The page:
- Historic Sites
Mr. Eads Spans The Mississippi
The odds were all against him. His only credential seemed to be self-confidence—and who had ever heard of a steel bridge?
August 1969 | Volume 20, Issue 5
The business grew rapidly. Eads’s system was to take his Submarine to the site of a wreck, go over the side in a diving bell, sink to the bottom, and feel his way over the wreck to the hold. Once he had fastened a rope to a crate or barrel, he signalled to his crew above with a tug on the line. If only the approximate location of a wreck was known, Eads “walked” the river bottom, the Submarine keeping pace above, until he found it. Then the salvage operation would commence.
In 1845 Eads temporarily left the river. He was courting a St. Louis belle named Martha Dillon, whose family, though related to the Eadses, regarded river salvage as déclassé . Her father, Colonel Matthew Dillon, rejected Eads’s suit, but only succeeded in adding his name to a growing list of people who vainly tried to stop Eads from doing something he wanted to do. Conducting his courtship by mail, the young riverman proved as adept with a pen as he was with a hoisting rig. Martha complimented his penmanship. He sent her the pen. She returned it at once: “How long my father’s root may shelter me, I know not, but while I remain within its precincts my line of conduct is determined upon.” This prim declaration served as prelude to an open invitation: “Do not use this pen until you have occasion to write to her whom you have selected for your companion as you journey through this vale of life.” They were married on October 21, 1845, at the Church of St. Louis de France.
Partly to meet his in-laws’ objection to his river career, and partly because he saw a good business opportunity, Eads opened the first glass factory in the West. His timing was unfortunate; the Mexican War made many businesses boom, but not glass. By 1848 Eads had run up a debt of $25,000.
He was just twenty-seven years old. A contemporary described him as slender but muscular of build, with a complexion ruddied by exposure to weather, eyes deep and unflinching, mouth firm. Despite his financial difficulties, he carried himself with a conscious pride. This self-confidence was echoed by the esteem of his fellow St. Louisans, including his creditors. They loaned him enough money to repurchase a share in the salvage business, and by spring he was back on the river bottom.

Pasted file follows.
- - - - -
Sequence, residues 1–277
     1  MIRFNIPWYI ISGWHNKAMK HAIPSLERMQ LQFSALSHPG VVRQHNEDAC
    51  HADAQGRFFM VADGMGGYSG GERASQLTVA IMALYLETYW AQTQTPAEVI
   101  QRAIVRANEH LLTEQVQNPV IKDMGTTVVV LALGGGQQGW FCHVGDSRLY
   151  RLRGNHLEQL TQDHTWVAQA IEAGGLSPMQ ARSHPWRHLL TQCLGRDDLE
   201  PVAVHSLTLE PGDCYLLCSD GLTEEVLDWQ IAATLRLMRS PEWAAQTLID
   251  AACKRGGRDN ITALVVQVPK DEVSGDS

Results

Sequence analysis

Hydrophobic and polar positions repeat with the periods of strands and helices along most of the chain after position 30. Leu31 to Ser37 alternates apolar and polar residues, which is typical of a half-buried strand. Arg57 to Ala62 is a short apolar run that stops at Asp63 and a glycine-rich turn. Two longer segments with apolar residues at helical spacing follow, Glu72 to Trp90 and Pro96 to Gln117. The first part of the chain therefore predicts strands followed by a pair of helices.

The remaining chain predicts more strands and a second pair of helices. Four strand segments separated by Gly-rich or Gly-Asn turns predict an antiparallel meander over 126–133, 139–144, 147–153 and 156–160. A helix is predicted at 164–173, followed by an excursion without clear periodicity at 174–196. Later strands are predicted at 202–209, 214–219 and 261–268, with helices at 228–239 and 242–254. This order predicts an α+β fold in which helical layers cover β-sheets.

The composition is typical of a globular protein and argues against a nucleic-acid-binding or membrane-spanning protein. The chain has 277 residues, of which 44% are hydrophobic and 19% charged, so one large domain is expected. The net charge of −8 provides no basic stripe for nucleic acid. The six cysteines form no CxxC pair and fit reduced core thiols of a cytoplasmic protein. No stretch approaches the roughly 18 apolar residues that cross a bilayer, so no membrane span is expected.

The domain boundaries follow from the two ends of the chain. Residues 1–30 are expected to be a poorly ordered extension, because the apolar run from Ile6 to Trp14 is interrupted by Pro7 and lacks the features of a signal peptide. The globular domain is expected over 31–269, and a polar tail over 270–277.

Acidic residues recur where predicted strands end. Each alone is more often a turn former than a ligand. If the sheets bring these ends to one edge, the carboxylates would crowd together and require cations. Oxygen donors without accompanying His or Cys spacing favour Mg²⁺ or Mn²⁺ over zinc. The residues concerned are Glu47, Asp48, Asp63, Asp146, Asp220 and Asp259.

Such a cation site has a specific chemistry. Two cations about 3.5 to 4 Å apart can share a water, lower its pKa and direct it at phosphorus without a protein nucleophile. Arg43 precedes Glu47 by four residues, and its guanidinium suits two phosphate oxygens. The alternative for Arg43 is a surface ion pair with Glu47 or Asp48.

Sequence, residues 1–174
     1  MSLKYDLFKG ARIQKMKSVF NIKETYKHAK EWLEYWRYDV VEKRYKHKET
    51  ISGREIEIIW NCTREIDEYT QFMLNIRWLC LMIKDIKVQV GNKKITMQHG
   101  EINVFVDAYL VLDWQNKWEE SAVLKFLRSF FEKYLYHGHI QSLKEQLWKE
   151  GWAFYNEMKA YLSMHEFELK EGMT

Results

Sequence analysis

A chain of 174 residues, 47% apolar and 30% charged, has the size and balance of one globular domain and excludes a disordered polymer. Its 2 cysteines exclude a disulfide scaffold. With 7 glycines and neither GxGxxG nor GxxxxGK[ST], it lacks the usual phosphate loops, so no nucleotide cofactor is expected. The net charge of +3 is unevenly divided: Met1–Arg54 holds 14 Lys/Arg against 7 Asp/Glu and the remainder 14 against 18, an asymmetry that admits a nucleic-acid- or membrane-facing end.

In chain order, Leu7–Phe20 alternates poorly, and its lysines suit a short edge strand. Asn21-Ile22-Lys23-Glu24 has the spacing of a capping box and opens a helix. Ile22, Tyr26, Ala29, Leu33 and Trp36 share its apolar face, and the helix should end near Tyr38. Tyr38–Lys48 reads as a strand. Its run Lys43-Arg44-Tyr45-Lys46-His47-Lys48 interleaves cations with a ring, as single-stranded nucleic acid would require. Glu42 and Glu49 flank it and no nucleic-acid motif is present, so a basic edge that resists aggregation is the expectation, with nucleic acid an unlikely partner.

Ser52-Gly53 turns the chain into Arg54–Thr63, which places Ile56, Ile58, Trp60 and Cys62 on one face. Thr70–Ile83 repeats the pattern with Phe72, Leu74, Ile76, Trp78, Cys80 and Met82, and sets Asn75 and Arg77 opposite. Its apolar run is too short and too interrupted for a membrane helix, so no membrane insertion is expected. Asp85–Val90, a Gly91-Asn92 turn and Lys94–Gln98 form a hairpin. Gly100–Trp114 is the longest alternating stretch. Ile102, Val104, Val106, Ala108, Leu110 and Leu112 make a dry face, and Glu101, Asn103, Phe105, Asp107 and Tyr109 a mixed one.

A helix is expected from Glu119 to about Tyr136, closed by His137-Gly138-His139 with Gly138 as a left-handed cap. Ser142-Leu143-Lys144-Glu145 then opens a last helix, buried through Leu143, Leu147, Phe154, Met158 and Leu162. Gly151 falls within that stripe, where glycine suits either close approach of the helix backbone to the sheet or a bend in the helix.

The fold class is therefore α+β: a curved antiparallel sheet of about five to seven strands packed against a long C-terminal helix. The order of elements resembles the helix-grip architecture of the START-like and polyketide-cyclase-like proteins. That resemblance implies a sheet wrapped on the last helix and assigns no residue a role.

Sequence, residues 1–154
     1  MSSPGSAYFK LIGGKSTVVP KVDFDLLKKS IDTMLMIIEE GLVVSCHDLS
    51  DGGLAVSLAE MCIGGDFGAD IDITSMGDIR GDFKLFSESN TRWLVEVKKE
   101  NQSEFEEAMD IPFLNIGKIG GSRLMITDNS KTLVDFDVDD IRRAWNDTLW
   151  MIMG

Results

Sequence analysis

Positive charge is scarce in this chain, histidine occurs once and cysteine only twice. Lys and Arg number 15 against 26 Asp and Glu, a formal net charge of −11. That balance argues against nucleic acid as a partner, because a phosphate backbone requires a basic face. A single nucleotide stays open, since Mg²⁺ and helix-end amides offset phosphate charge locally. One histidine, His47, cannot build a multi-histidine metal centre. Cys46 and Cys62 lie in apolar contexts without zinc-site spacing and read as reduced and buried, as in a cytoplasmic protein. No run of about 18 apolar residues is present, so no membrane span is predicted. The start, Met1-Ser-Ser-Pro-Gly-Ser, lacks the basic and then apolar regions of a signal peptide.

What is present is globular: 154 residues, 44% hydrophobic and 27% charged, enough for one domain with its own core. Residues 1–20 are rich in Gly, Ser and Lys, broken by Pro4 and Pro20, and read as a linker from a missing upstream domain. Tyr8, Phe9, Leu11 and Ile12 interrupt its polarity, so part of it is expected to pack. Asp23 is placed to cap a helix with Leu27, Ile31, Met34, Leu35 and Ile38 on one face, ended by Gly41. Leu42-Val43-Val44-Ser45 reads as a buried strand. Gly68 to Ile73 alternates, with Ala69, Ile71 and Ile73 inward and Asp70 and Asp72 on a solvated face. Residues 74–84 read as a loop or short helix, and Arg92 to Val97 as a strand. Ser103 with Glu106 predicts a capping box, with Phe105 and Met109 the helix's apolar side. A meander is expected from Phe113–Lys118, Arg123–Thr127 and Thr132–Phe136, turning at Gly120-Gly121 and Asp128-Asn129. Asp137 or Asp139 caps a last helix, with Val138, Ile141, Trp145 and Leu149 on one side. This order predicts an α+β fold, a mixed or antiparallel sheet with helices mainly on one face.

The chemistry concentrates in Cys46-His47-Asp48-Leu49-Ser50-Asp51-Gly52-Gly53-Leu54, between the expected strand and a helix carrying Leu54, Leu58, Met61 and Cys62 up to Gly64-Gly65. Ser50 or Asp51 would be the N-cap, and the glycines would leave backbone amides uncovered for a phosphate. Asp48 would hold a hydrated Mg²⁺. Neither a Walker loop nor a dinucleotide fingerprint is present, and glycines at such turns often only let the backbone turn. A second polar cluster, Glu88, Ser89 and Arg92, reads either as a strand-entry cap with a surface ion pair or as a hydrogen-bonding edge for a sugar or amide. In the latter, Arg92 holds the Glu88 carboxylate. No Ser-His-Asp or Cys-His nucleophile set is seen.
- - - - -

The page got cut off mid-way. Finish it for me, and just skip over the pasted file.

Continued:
Business was better than ever. Steamboats were being launched at a breakneck pace, and they were blowing up, ripping open, and catching fire almost as rapidly. Twenty-nine of them were destroyed all at once in 1849 when a fire swept the St. Louis wharf area. The resulting salvage operation made Eads solvent again. Three new Submarines were added to the company’s fleet, and Eads equipped the last one with centrifugal pumps that were capable of clearing a sunken hull of water and sand so that it could be refloated. The prowess of Submarine No. 4 made Captain Eads one of the most famous men on the Mississippi. Sometimes as No. 4 chugged to a new location, she passed a freshly painted steamboat she had raised from the bottom a few weeks earlier. By the spring of 1856, when Eads’s cousin James Buchanan was inaugurated President of the United States, ten Submarines were in operation, and their inventor had become a wealthy man.
Martha Dillon Each had died tragically of cholera in 1855, and in 1857 Eads married Eunice Hagerman Eads, the widow of a cousin. They lived in a large house on Compton Hill and entertained on a scale befitting his status as one of the leading citi/ens of St. Louis. Increasingly, the evening conversations centered on the nation’s worsening political situation. As the slavery crisis deepened, the city’s politicians and businessmen met in heated debate at Captain Eads’s house. Their host favored moderation, but his loyalty was steadfastly with the Union. His guests, who included such Unionists as Edward Bates, Lincoln’s attorney general, listened with respect when he talked about the strategic importance of the Mississippi River.
Eads foresaw secession and war, and by the time of Lincoln’s election lie had concluded that the weapon for winning control of the western river system for the free states was the ironclad gunboat. The French had successfully used armored “floating batteries” in the Crimean War a few years earlier. In Washington, Eads urged construction of shallow-draft boats capable of carrying big guns, with bows and sides protected by plate armor. Despite considerable opposition, he was given a contract in the summer of 1861 to build a fleet of gunboats of his own design.
Before he left Washington, Eads sent telegrams that stirred idle machine shops and sawmills all along the Ohio and the Mississippi into a storm of activity. Within two weeks he had four thousand men at work. “Neither the sanctity of the Sabbath nor the darkness of night were permitted to interrupt … ”, wrote a contemporary historian. “On the iath of October, 1861, the first United States iron-clad, with her boilers and engines on board, was launched in Carondelet, Missouri.”